“There’s no place for lulz on LOLCats”: The role of genre, gender, and group identity in the interpretation and enjoyment of an Internet meme

Kate M. Miltner

Abstract


Internet memes are an increasingly widespread form of vernacular communication. This paper uses LOLCats, one of the most popular and enduring Internet memes, as a case study for exploring some of the social and cultural forces that contribute to memes’ popularity, both individually and as a whole. A qualitative audience study of 36 LOLCat enthusiasts indicates that individual memes can be used by multiple (and vastly different) groups for identity work as well as in–group boundary establishment and policing. This study also shows that as memes travel from subculture to the mainstream, they can be sites of contestation and conflict amongst different stakeholders looking to legitimize their claim to the canonical form.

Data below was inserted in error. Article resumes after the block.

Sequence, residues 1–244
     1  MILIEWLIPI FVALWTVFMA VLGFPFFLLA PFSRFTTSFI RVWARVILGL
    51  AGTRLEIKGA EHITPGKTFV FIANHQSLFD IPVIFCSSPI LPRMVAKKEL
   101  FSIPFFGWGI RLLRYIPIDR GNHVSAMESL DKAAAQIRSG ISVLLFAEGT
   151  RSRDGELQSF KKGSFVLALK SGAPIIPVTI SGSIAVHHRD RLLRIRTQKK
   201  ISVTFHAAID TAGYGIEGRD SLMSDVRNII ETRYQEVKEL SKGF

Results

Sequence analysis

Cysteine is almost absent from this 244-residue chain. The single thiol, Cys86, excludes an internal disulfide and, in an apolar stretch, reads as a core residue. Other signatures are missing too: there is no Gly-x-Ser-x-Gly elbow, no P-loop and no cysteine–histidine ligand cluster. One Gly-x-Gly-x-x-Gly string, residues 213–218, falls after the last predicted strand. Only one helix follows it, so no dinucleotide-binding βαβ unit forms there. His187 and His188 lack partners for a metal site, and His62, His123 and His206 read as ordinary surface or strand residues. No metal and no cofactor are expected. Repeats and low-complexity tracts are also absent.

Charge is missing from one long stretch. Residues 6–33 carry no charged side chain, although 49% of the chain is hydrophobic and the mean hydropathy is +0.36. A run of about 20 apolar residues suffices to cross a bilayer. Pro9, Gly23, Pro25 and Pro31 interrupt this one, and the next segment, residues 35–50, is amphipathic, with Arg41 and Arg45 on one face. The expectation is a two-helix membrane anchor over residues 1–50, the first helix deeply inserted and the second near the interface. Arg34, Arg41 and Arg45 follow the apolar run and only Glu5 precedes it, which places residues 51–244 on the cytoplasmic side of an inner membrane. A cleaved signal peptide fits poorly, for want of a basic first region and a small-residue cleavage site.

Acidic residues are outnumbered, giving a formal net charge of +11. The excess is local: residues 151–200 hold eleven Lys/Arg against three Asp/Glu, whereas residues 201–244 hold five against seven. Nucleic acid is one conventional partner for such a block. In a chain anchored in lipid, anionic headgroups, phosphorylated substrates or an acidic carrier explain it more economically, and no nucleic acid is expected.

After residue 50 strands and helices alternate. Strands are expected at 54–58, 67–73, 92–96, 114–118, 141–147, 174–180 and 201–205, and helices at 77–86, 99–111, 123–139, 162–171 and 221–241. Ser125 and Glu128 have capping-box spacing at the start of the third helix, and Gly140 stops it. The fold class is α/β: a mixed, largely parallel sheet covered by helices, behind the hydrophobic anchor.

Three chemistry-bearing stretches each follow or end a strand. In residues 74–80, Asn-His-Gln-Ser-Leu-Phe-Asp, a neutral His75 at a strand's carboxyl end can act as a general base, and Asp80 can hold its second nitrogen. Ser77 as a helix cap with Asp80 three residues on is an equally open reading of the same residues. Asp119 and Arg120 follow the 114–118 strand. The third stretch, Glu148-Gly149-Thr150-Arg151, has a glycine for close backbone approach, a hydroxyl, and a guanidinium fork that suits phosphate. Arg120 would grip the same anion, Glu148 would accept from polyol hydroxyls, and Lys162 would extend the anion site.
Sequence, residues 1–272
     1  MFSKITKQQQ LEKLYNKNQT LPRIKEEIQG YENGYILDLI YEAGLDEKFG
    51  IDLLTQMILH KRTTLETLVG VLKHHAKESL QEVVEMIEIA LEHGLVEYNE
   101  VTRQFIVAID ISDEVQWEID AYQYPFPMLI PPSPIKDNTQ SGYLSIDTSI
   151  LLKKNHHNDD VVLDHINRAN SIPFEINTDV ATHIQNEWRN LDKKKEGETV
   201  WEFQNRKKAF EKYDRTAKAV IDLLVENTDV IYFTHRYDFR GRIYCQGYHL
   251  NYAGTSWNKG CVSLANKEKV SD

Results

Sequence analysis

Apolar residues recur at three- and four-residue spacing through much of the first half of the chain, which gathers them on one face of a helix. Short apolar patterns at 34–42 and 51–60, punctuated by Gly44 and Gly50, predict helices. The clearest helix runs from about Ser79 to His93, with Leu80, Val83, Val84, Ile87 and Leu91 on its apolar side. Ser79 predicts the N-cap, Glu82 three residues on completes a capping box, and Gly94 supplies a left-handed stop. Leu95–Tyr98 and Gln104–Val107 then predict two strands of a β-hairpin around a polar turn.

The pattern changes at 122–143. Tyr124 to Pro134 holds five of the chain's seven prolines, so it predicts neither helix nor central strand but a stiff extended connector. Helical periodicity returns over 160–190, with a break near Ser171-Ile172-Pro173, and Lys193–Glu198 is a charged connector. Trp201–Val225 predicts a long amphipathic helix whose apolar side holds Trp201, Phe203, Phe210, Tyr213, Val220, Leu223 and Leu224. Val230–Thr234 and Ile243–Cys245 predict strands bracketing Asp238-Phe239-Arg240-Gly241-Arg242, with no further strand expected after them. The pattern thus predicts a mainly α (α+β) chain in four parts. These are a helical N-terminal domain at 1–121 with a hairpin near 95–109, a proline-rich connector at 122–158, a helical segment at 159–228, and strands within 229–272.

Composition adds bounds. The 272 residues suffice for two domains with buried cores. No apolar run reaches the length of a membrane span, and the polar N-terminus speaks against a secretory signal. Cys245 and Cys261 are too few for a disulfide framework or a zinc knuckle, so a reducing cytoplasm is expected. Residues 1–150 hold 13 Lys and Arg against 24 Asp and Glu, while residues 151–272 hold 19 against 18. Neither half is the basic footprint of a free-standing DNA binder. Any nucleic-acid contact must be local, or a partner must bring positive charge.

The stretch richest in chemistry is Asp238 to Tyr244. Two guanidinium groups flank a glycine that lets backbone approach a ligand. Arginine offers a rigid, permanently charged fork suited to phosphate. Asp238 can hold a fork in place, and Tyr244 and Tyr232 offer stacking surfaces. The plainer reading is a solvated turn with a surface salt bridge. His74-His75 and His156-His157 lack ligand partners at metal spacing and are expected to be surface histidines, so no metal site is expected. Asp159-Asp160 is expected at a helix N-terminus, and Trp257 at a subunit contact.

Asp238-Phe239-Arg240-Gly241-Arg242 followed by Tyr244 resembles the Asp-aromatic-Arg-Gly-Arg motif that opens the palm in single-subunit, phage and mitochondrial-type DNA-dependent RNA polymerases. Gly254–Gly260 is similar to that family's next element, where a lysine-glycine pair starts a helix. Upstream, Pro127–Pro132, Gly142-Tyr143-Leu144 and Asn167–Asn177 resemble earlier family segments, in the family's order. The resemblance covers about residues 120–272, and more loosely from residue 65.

Keywords


internet meme; lolcats; genre theory; visual culture; image macros

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DOI: http://dx.doi.org/10.5210/fm.v19i8.5391



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